Älstrom’s syndrome is characterised by dystrophy of the cones (cells that enable daytime vision and colour vision) and rods (cells that enable night vision or vision in dimly lit places) in the retina, the inner eye tissue onto which images are projected and where light signals are converted into electrical impulses that reach the brain and generate vision.

The syndrome is also associated with hearing loss, hypertriglyceridaemia and obesity, hyperinsulinaemia, type 2 diabetes mellitus, dilated cardiomyopathy (DCM), multi-organ fibrosis, hypogonadism/hyperandrogenism, chronic respiratory disease, and progressive renal and hepatic dysfunction.

Cone and rod retinal dystrophy usually has a strong genetic factor and develops within a few weeks after birth, although the form and age of onset of the first symptoms are highly variable between patients. Symptoms include nystagmus (involuntary eye movement) and photodysphoria (high sensitivity to light).

From an ophthalmic perspective, it is a serious eye disease, as it progressively leads to total blindness, usually in adolescence. However, the symptoms, in many cases systemic, go much further, as most patients develop progressive bilateral neurosensory loss of varying intensity, multiorgan fibrosis, obesity, hyperinsulinemia and risk of heart failure.

There is no curative treatment, so the therapeutic objective is based on improving symptoms. As it is a process that affects many organs, it usually involves different specialists who must work in a coordinated manner, including the paediatrician, family doctor, ophthalmologist, endocrinologist, otolaryngologist and cardiologist.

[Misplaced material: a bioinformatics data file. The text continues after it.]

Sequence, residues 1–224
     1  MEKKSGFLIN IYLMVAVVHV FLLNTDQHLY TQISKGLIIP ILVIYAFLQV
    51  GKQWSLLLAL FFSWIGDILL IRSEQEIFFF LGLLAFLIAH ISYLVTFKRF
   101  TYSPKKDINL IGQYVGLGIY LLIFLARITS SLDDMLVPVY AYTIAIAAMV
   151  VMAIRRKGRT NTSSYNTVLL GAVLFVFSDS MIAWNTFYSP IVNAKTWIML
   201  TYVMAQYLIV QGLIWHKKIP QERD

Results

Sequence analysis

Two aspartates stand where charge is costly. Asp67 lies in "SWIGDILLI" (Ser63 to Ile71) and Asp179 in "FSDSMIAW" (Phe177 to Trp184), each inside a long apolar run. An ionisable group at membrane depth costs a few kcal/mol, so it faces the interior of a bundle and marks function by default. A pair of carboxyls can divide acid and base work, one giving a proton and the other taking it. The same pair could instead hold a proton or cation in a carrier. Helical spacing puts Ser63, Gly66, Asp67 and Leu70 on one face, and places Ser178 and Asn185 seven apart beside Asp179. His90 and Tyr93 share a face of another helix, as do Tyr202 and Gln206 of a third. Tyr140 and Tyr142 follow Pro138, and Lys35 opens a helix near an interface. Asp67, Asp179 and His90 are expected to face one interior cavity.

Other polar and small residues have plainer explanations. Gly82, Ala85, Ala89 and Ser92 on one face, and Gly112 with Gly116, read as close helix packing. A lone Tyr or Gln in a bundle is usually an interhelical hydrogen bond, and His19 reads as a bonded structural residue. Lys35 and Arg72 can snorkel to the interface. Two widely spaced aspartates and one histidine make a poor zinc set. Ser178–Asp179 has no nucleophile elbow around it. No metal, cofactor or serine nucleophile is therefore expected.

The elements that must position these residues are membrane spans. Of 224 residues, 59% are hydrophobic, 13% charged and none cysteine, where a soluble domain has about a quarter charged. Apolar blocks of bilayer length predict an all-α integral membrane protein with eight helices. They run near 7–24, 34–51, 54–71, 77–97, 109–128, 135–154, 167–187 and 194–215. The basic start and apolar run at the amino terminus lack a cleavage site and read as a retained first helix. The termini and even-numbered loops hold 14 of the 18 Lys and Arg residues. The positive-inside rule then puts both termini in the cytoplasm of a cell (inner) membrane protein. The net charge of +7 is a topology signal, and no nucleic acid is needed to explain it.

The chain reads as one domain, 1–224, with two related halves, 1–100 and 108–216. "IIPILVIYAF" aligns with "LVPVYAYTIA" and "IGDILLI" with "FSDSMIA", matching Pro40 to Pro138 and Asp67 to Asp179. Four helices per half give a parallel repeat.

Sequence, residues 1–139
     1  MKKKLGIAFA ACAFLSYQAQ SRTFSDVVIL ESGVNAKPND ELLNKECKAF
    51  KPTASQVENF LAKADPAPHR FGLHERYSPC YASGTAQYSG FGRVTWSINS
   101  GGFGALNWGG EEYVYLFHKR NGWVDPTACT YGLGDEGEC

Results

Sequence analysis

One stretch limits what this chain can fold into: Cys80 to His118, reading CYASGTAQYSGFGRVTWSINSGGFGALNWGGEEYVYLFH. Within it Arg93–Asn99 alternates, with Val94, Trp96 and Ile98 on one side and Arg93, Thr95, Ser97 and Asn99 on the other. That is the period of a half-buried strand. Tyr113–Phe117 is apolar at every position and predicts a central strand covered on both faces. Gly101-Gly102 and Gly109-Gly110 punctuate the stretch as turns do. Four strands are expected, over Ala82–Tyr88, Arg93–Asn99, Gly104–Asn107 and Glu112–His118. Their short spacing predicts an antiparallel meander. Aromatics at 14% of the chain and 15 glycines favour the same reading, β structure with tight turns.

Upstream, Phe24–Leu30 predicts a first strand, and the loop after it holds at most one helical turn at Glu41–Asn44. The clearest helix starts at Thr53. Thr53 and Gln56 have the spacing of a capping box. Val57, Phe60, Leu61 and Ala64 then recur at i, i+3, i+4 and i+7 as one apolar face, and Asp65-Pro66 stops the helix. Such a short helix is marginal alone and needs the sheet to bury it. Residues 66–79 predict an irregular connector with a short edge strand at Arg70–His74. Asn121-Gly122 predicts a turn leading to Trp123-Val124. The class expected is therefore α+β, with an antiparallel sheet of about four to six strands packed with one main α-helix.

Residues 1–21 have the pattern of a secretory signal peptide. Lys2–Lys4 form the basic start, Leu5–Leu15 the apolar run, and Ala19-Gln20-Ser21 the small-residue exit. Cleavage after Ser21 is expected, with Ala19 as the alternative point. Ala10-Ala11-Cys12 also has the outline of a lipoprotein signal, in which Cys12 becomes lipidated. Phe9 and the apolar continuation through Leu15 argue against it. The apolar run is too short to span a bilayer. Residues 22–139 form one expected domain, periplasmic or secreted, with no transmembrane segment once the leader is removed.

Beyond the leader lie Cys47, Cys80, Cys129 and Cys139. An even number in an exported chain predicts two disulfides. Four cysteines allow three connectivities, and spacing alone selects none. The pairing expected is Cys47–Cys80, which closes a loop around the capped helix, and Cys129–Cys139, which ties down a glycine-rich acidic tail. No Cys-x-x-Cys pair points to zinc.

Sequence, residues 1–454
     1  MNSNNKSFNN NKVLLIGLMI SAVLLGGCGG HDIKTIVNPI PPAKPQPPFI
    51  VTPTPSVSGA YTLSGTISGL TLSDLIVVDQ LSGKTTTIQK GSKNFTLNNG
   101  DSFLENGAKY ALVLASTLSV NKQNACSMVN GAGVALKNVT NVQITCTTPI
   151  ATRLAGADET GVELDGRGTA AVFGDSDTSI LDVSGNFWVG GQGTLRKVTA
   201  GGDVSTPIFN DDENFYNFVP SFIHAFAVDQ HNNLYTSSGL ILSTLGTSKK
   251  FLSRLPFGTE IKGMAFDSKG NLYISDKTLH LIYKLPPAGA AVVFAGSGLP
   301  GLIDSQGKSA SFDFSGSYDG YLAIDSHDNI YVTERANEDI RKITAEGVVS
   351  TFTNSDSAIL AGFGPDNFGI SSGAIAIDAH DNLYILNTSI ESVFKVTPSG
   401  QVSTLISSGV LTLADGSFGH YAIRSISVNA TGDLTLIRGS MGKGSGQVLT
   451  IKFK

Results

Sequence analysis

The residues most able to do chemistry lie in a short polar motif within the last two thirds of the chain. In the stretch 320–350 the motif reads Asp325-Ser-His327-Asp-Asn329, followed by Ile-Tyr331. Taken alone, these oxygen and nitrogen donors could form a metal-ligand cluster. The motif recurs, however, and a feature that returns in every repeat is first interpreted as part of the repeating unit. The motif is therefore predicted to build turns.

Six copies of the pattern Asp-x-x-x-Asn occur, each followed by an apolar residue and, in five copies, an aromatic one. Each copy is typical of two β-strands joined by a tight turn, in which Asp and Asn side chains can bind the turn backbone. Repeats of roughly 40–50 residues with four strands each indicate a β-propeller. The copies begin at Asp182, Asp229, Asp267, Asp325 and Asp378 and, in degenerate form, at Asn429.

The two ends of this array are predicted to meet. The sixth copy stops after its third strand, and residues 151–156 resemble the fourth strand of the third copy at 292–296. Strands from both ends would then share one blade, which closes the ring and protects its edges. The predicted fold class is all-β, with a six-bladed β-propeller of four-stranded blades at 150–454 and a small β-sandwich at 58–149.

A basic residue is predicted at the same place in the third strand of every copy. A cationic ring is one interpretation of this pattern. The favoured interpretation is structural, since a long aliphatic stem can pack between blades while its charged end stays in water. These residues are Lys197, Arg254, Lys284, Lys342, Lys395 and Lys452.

The facial features of these patients are unmistakable: sunken eyes, round face, pronounced ears, premature frontal balding and thinning hair. Most children have broad, thick, flat feet, with short, thick fingers and toes, without polydactyly or syndactyly. Slowly progressive nephropathies, liver dysfunction, chronic respiratory diseases, hypertriglyceridaemia and hypertension are common. Most patients show normal intelligence, although some reports indicate delays in psychomotor and intellectual development.

Alström syndrome is caused by mutations in the ALMS1 gene and is transmitted as an autosomal recessive trait. Diagnosis is made on the basis of observed clinical features, usually without genetic confirmation. The identification of 2 mutated alleles, or the mutated ALMS1, with typical clinical features, would confirm the diagnosis. If ALMS1 mutations are detected in at-risk foetuses, prenatal screening and genetic counselling is advisable.

Its estimated prevalence is 1 case per 1.000.000 inhabitants in Europe and North America, being much higher in certain populations with a high degree of consanguinity or geographically isolated.

The company doing research in the field of this disease is Sylentis.